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Boat Names

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Ok so, all this talk of baby name consultants makes me wonder about the boat-naming industry. Since boat names are generally longer, and often complete phrases, maybe people actually invest as much time naming boats as naming children...?

My father, a sailor, always talked about this boat named Rebecca Lynn and then one day he finally sent me a picture of it: well wouldn't you know. And then when I was in college my dad let me name his fishing boat: Get me away from here I'm dying, after a Belle and Sebastian song and, yes, also referencing the side effects of spending a summer at home after nine months at college under the aegis of free beer. As far as consulting goes, a found a site called namethatboat.com to be helpful if staggering. My top votes there were: My Quota!, Knot Now Kato (??), and uh, Spider Farm.

View the list in exhaustive totality here. And this just in from the Boat Owners Association of the United States:

The top 10 names in America, in order, in 2006 (the latest data available): Aquaholic, Second Wind, Reel Time, Hakuna Matata, Happy Hours, Knot Working, Life Is Good, Plan B, Second Chance and Pura Vida (Spanish for "pure life''). Knot Working, Life Is Good, Plan B and Second Chance made the list for the first time. While witty boat names tend to attract all the attention, said Scott Croft, a BoatUS spokesman, most boats are named for family members or favorite pastimes. After the Sept. 11 tragedy, patriotic names such as Freedom and Liberty were in vogue. BoatUS has tracked boat names for 20 years.

Indeed they have, and you can follow the trends through time here. Check out 2003, where "Mental Floss" made the list! Boats you've named...Anybody? The hypothetical also welcome.

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Live Smarter
Why the Best Time to Book Your Thanksgiving Travel Is Right Now
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You're never going to get a true steal on holiday plane tickets, but if you want to avoid spending your whole salary flying to visit your relatives over Thanksgiving, the time is nigh to start picking seats. That's according to the experts at Condé Nast Traveler, who cite data from Expedia and Skyscanner.

The latter found that it was cheapest to secure Thanksgiving tickets 11 weeks before the holiday. That means that you should have bought your ticket around September 4, but it's not too late; you can still save if you book now. Expedia's data shows that the cheapest time to buy is 61 to 90 days before you leave, so you still have until September 23 to snag a seat on a major airline without paying an obscene premium. (Relatively speaking, of course.)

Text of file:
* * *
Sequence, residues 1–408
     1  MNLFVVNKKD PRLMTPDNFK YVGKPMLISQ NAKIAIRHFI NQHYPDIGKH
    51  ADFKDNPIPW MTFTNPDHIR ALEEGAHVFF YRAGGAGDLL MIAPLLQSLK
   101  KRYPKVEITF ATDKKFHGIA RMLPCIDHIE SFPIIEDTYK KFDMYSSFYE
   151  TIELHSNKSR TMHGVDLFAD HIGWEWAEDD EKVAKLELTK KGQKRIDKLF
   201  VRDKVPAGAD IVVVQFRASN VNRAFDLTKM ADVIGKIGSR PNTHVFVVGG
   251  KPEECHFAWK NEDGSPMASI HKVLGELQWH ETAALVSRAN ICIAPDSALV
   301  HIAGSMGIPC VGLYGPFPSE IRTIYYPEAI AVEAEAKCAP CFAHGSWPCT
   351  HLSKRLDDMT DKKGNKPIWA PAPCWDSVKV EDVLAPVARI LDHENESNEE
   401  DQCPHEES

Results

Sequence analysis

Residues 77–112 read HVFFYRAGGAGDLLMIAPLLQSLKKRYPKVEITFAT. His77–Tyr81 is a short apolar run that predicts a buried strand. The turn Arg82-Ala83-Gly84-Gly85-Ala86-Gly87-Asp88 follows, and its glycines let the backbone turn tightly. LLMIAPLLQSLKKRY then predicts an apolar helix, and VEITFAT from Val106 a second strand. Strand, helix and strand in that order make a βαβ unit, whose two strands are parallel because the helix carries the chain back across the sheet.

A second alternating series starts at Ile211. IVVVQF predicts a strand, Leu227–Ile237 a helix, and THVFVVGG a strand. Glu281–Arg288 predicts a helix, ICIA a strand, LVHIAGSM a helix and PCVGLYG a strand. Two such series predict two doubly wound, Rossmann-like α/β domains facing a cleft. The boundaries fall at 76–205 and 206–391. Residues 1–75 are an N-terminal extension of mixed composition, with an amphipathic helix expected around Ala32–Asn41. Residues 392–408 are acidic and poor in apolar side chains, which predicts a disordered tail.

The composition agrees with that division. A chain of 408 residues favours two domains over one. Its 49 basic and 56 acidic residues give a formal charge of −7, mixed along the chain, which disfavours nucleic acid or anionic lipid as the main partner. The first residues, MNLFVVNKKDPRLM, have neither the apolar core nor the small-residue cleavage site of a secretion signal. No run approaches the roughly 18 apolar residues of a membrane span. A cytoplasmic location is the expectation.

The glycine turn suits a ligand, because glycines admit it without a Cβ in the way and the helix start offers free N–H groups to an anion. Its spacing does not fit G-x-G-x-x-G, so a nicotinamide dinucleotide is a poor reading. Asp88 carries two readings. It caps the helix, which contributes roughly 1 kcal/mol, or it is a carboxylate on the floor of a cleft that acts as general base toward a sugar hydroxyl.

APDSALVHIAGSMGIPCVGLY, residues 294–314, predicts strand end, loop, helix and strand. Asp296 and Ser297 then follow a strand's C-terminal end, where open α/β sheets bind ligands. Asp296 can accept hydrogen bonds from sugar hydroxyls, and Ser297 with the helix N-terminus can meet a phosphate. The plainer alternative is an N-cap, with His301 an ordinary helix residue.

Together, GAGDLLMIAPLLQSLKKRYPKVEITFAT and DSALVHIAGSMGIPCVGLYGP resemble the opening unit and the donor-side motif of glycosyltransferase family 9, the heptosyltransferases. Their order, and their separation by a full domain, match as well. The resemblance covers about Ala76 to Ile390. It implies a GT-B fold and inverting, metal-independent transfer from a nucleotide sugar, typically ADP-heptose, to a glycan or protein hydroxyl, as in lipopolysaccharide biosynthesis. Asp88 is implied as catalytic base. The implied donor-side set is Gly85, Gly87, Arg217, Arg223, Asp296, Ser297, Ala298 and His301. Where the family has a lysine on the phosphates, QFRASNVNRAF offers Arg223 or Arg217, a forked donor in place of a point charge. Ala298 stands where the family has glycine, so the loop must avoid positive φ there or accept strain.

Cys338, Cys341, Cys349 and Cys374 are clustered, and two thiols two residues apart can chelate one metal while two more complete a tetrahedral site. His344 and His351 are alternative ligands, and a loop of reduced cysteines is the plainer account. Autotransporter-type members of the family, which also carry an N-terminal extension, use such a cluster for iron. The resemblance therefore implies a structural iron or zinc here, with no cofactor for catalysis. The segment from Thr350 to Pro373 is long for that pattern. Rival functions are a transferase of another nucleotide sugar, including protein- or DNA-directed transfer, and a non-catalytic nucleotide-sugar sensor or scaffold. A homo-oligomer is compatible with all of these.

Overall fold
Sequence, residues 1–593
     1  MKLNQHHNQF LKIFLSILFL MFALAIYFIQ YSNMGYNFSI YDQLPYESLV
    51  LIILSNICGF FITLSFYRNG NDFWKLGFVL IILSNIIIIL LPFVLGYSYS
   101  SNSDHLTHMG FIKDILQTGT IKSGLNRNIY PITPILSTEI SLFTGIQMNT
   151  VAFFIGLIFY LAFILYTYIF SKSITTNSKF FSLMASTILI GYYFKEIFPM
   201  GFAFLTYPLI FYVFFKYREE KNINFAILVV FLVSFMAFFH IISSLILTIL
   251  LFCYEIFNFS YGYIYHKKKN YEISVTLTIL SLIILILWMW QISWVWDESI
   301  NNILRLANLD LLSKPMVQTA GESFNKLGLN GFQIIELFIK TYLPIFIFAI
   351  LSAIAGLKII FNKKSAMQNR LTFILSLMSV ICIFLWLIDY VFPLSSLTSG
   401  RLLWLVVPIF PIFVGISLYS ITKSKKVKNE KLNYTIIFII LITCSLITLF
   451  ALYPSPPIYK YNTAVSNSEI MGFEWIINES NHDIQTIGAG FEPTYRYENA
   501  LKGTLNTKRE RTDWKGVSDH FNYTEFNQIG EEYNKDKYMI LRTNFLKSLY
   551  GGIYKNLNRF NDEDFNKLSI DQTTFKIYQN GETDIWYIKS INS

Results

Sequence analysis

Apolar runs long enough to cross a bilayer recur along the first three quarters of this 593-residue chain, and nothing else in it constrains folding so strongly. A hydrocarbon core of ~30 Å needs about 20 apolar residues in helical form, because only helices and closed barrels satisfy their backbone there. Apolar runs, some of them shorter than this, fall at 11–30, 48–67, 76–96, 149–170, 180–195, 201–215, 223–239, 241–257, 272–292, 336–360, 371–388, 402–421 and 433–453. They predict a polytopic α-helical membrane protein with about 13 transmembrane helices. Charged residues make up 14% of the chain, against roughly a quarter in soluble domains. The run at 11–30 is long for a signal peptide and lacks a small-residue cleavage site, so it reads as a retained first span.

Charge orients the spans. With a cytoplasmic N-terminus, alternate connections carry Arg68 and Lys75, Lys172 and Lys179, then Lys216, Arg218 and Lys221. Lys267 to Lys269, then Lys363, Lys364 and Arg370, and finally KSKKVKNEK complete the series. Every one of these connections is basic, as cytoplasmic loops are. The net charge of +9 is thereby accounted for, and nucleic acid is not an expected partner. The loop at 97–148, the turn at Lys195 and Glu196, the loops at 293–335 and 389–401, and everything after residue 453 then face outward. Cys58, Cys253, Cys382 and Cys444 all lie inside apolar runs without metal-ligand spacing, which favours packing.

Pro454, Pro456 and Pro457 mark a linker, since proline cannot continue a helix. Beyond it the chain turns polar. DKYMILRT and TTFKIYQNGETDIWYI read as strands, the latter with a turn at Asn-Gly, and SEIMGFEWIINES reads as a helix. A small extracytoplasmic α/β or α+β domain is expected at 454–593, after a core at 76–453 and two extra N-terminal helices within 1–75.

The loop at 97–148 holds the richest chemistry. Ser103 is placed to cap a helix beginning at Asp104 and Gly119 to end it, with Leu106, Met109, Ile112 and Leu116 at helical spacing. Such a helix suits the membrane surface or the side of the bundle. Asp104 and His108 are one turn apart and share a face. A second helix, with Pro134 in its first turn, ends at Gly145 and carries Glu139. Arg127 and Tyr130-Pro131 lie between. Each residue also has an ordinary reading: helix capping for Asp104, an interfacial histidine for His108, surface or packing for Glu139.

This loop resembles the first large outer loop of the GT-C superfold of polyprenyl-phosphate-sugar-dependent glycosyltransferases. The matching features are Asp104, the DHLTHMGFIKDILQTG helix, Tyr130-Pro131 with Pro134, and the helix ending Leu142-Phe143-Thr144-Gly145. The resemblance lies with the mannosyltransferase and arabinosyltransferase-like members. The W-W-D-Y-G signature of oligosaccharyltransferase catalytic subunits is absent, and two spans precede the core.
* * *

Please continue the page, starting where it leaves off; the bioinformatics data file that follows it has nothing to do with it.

When major travel holidays aren't involved, data shows that the best time to book a plane ticket is on a Sunday, at least 21 days ahead of your travel. But given that millions of other Americans also want to fly on the exact same days during Thanksgiving and Christmas, the calculus of booking is a bit more high stakes. If you sleep on tickets this month, you could be missing out on hundreds of dollars in savings. In the recent study cited by Condé Nast Traveler, Expedia found that people booking during the 61- to 90-day window saved up to 10 percent off the average ticket price, while last-minute bookers who bought tickets six days or less from their travel day paid up to 20 percent more.

Once you secure those Turkey Day tickets, you've got a new project: Your Christmas flights. By Hopper's estimates, those flights rise in price by $1.50 every day between the end of October and December 15 (after which they get even more expensive). However, playing the waiting game can be beneficial, too. Expedia found that the cheapest time to book Christmas flights was just 14 to 20 days out.

Before you buy, we also recommend checking CheapAir.com, which tracks 11,000 different airfares for flights around the holidays to analyze price trends. Because as miserable as holiday travel can be, you don't want to pay any more than you have to.

[h/t Condé Nast Traveler]

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History
How the Wright Brothers' Plane Compares to the World's Largest Aircraft
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The Wright brothers famously built the world’s first powered, heavier-than-air, controllable aircraft. But while the siblings revolutionized the field of aviation, their early plane looks tiny—and dare we say quaint-looking—when compared to the aerial giants that came after it.

In Tech Insider’s video below, you can see how the Wright brothers’ flyer stacks up against the scale of other aircrafts. You'll notice that size doesn't always guarantee a successful journey. The Hughes H-4 Hercules—the largest flying boat ever made—never made it past the prototype stage, performing only one brief flight in 1947. And the Hindenburg, which was 804 feet long and could fit 80 Olympic swimming pools, famously exploded on May 6, 1937.

Today’s longest commercial airliner is the Boeing 747-8, which measures 251 feet from nose to tail. While slightly shorter (238 feet), the Airbus A380 is certified to hold more people than any other plane in the air—a total of 850 passengers. That record won't last long, though: In a few years, the Stratolaunch carrier—the widest aircraft ever built—will dwarf its contemporaries when it takes to the skies in 2019. Built to launch rockets into orbit, its wingspan is about the size of a football field, even bigger than that of the Hughes H-4 Hercules.

Still, what the Wright brothers’ plane lacked in size, it made up for in ingenuity. Without it, these other giants may never have existed.

[h/t: Tech Insider]

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